“No shame” psychics keep their predictions vague

imagesFor some reason, science debunker Goldacre’s blogpost below makes me take him slightly less seriously. It’s as if he’s saying, it’s no shame in giving psychic pronouncments to parents with missing children–people who obviously might be devastated or misled as a result–so long as you’re not found wrong. Does anyone else see it this way?

Shame on you, Sylvia Browne, for telling Amanda Berry’s mother her daughter was dead.

May 7th, 2013 by Ben Goldacre in just a blog 
The story of Amanda Berry’s rescue in Cleveland – after ten years in captivity – is extraordinary. In 2004, popular psychic Sylvia Brown told Amanda’s mother that her little girl was dead. Here is a contemporaneous account of that show.
Amanda Berry’s mother traveled to New York to tell her story to Psychic Sylvia Browne on the Montel Williams Show. The show was a shot at getting her daughter’s picture before the eyes of millions of Americans. “On April 21st 2003, 16-year-old Amanda Berry left her part-time job never to be seen again,” the show began. With that, TV viewers across America now know a girl from Cleveland is missing. But Amanda Berry’s mom wanted more than her daughter’s picture on national TV. She wants answers. “Can you tell me…Is she out there?” Berry’s mother Louwana Miller asked. “I hate when they’re in the water,” Browne said. “She’s not alive honey.” It was bad news from the world-renowned psychic. It’s what Miller didn’t want to hear. “So you don’t think I’ll ever see her again,” Miller said. “Yeah in Heaven on the other side,” Browne responded. “I’m sorry.” Montel took a commercial break and Amanda’s mom broke down.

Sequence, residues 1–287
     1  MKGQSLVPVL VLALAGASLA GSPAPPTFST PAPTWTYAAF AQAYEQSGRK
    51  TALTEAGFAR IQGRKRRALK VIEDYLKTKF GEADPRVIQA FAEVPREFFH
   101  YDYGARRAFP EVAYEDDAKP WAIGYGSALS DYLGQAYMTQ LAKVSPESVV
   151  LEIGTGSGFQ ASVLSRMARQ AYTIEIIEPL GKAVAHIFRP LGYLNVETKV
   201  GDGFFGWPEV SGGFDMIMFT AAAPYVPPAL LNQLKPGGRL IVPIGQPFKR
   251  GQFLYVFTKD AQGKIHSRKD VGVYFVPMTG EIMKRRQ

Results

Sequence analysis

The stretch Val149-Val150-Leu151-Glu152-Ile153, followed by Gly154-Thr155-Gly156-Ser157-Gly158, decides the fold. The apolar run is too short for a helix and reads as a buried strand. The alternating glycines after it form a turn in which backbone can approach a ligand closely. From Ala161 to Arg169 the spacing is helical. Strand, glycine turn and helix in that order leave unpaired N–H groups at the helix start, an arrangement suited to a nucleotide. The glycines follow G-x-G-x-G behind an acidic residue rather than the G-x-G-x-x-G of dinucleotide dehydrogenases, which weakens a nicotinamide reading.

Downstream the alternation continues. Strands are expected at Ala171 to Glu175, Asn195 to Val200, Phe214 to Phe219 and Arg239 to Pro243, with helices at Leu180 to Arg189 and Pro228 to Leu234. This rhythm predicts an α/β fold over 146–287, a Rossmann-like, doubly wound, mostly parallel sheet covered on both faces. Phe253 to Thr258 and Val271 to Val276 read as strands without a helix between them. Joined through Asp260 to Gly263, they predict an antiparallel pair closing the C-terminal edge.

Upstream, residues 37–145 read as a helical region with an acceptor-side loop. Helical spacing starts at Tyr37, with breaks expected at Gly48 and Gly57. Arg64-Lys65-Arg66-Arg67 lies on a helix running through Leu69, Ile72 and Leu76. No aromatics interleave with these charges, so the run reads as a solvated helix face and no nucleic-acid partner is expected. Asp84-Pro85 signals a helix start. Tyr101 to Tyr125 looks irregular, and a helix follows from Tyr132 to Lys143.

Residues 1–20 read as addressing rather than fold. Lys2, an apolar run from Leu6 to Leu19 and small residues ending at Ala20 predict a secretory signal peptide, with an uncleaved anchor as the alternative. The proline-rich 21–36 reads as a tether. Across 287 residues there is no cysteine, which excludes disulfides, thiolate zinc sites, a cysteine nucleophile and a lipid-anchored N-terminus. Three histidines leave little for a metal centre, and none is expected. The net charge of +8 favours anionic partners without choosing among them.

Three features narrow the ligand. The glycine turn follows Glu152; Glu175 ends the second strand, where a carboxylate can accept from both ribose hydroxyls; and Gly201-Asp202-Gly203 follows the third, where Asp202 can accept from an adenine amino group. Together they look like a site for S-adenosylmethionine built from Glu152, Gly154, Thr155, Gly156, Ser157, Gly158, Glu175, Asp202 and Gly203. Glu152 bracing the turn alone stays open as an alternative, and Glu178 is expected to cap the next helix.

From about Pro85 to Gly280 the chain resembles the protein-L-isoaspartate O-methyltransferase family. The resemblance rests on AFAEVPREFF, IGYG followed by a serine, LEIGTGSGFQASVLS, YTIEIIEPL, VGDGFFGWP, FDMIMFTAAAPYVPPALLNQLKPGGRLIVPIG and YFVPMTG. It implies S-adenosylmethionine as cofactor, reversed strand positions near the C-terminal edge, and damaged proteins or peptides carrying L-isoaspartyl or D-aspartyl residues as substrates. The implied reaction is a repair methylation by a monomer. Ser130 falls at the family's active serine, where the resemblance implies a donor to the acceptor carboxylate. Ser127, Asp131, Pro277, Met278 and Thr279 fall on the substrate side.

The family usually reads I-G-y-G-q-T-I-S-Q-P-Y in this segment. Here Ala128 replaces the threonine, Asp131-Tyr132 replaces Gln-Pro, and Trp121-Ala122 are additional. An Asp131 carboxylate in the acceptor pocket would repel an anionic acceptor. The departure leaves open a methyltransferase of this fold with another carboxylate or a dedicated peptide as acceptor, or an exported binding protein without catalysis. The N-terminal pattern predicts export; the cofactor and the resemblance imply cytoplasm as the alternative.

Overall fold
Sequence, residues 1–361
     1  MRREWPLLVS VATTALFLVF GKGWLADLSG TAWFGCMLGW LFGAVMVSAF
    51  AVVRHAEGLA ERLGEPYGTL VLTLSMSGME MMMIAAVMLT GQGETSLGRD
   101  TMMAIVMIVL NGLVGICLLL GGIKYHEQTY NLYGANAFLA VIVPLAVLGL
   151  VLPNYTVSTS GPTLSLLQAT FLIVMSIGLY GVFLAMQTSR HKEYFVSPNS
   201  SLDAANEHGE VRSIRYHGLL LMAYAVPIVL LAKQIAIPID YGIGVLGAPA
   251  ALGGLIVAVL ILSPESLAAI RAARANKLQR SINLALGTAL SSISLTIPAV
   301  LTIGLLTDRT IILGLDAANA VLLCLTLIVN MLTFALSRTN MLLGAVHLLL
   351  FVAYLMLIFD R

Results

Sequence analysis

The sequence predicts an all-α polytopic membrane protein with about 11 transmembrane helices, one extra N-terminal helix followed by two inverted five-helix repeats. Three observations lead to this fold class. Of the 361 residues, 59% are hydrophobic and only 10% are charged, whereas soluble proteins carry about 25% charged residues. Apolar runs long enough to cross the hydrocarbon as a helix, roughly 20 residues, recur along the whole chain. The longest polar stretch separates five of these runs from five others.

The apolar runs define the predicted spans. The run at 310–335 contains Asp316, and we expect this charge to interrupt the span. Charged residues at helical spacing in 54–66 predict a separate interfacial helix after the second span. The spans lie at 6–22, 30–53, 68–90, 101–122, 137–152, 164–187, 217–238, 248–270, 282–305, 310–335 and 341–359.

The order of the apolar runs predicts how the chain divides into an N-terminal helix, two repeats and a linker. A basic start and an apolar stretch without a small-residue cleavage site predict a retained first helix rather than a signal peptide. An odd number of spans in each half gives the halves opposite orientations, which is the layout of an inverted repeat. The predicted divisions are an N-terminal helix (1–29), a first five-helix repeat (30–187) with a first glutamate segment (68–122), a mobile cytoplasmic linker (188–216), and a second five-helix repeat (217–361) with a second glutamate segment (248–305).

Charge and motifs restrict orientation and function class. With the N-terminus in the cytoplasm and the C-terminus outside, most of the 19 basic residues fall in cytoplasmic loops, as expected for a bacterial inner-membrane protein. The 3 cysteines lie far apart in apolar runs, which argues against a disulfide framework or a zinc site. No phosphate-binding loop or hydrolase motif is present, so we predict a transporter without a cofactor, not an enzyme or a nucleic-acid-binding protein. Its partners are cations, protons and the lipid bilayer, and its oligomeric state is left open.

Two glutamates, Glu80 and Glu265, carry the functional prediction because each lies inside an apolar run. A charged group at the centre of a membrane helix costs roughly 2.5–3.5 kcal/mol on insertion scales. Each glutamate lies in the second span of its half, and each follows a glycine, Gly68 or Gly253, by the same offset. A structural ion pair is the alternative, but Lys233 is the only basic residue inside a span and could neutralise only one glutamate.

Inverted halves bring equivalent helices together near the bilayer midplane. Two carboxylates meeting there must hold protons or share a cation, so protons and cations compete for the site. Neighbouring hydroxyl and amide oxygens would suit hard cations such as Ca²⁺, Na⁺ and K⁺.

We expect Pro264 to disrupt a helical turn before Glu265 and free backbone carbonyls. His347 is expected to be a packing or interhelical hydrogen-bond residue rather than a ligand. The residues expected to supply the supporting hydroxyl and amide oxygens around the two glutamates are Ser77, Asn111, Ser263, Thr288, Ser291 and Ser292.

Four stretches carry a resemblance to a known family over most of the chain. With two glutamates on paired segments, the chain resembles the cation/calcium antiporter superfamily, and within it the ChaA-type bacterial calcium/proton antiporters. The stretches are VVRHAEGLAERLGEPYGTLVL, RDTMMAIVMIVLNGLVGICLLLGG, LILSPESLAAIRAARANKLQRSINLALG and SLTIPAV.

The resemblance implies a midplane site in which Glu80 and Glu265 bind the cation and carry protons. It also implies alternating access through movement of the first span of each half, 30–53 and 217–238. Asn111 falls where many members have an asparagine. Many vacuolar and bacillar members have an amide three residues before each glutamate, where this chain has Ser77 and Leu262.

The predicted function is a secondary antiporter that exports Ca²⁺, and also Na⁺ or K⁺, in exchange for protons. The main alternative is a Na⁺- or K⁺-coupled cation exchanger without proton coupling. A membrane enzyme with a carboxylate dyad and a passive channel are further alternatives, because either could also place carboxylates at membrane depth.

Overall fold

It has been widely reported in the last 24 hours that Amanda Berry’s mother died in 2006 of a broken heart: certainly she must have endured appalling anguish over her last years. It would be nice if people like Sylvia Browne could deliver their stage entertainment with a bit more consideration. Until hell freezes over, we can at least draw attention to these horrible episodes.
Given that fortune-telling (on TV or live) lacks any scientific validity whatsoever (and the FBI said Browne had never been of any help), what can Goldacre’s chiding mean, except perhaps to suggest that an honorable psychic should be sure to keep her predictions ultra vague? What if she’d predicted her daughter was alive, or what if her daughter had turned out to be dead, would Goldacre declare there was no shame?
Categories: junk science, Misc Kvetching | Leave a comment

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